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Sony Ericsson W610i review: Sony Ericsson W610i

Sony Ericsson's W610i is a quad-band Walkman music phone with a 2-megapixel camera and A2DP stereo Bluetooth.

Daniela Eicker

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4 min read

Design
The W610i is another candy-bar-style mobile phone in the Walkman series from Sony Ericsson. The W610i is available in two colour schemes: fancy Plush Orange (black and orange) and the more traditional Satin Black (black and white). Our review sample was the plush orange model and we immediately fell in love with the stylish design. It has a black front with the small shaped silver buttons, an orange back and rounded edges -- a true eye catcher.

Sony-Ericsson-W610i_1.jpg
8.1

Sony Ericsson W610i

The Good

Good sound quality. Easy to use Walkman. FM radio. Stylish design.

The Bad

Tiny buttons are difficult to use. Earbuds won't fit all ears.

The Bottom Line

Although it's not a 3G handset, the W610i is an excellent music phone we'd have no hesitation in recommending.

The W610i measures 102mm by 46mm by 14mm and weighs 85 grams, almost identical dimensions to its predecessor, the W660i. The display is a 176 x 220-pixel TFT screen with 262K colours, and can easily be read in sunlight.

Sony Ericsson has gotten rid of the joystick for navigating through the main functions. Instead, the W610i employs a stylish silver navigation key. To its left and right are two similarly designed semi-circles for shortcuts. Four buttons above the numerical keypad allow you to program your own shortcuts for common functions such as contacts, alarm clock, inbox and calendar. The left circle activates the Walkman music player and the right circle brings you to the Activity Menu, which gives you direct access to missed calls, new messages, appointments, running applications and the Web browser. Down the side of the phone are shortcuts for playlists and to activate the camera.

Unfortunately the biggest drawback of the W610i is its numerical keys, which are very tiny dash-like silver buttons. Granted, they look good, but that's about it. The buttons are too close to each other and make typing text messages quickly quite difficult -- at least if you have adult-sized thumbs. Somehow you get used to using the keypad with the side of your thumbs, but we still had to use the delete button often.

Features
The feature list is similar to other Walkman phones, although the W610i comes with an updated music player that has a more user-friendly interface. The phone also supports two Sony Ericsson services called Play Now and TrackID. You have to pay if you want to download ringtones via PlayNow, but the service TrackID is free (aside from data transfer costs). TrackID is a really cool feature which allows you to record a 10-second sample of whatever music is playing through the microphone and sends it to the CD database Gracenote for identification.

Additionally in the software bundle is the CD-ripping software Disc2Phone to easily transfer your favourite songs from a music CD to the phone.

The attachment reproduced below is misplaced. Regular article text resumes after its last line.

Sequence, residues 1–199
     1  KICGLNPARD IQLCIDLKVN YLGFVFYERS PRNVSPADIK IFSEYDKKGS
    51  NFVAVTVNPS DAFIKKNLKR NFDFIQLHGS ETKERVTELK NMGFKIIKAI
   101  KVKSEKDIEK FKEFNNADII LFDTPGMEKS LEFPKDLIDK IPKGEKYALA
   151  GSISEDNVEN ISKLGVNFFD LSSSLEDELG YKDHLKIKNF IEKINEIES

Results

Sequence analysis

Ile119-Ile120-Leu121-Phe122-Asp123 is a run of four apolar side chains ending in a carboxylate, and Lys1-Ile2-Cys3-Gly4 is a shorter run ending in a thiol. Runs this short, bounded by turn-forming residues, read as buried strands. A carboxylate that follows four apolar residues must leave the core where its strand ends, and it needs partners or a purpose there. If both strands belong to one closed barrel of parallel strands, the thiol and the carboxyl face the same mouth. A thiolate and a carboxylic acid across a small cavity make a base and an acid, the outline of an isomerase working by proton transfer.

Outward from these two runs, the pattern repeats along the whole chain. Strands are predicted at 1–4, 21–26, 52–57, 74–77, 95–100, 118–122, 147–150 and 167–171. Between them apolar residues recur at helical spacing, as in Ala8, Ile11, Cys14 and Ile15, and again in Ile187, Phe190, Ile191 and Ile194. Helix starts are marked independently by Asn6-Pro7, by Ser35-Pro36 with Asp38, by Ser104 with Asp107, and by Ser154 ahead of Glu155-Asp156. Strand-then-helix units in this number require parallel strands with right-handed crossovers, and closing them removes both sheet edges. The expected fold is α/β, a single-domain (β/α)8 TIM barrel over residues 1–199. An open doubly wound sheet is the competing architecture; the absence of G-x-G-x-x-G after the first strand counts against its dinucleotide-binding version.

One advantage of the W610i is the built-in FM radio, although it only works with the provided headset, which works as an antenna.

Another thing we really liked about the W610i is that you can use the music player in the background, while writing text messages, playing with the various functions, using the camera or reading RSS feeds.

The music player is definitely the main selling point when buying the W610i, although the bundled 512MB Memory Stick and 64MB of onboard memory only allows up to around 120 songs. It does, however, support memory sticks up to 2GB.

Similar to its predecessors in the Walkman range, the W610i has a 2-megapixel camera that captures photos and videos. Cameras certainly aren't Sony's biggest forte, but the built-in one here comes with a wide range of functions, scene selections, manual settings, an autofocus and a self-timer. It also has a bright LED for taking night shots or using the phone as a torch. The pictures we took during the day came out well; night shots, however, became quite blurry, especially when viewed on a PC.

Transferring photos or songs to a PC is fairly easy. The phone supports Bluetooth and infrared, but there is also a USB cable for faster transfers. It's similar to synchronising an iPod -- you connect your phone to the PC and it automatically updates your RSS feeds, contacts and tasks. Via drag-and-drop you can transfer songs and photos. The USB cable also recharges your phone.

Flight mode is also supported, so you can listen to music on a plane or in hospitals, without worrying about disturbing sensitive equipment with questionably hazardous radio waves.

Unfortunately the W610i isn't a 3G phone. However it is a quad-band GSM phone with support for EDGE.

Performance
The sound quality and the MegaBass feature lived up to the high standard we expected from Sony. The ear plugs on the headphones manage to block out ambient noise and contain the sound, meaning you won't force fellow passengers on the train to listen to your music.

The W610i's battery life is excellent. We found we only had to recharge the phone every fifth day with moderate calls, text messaging and music playback.

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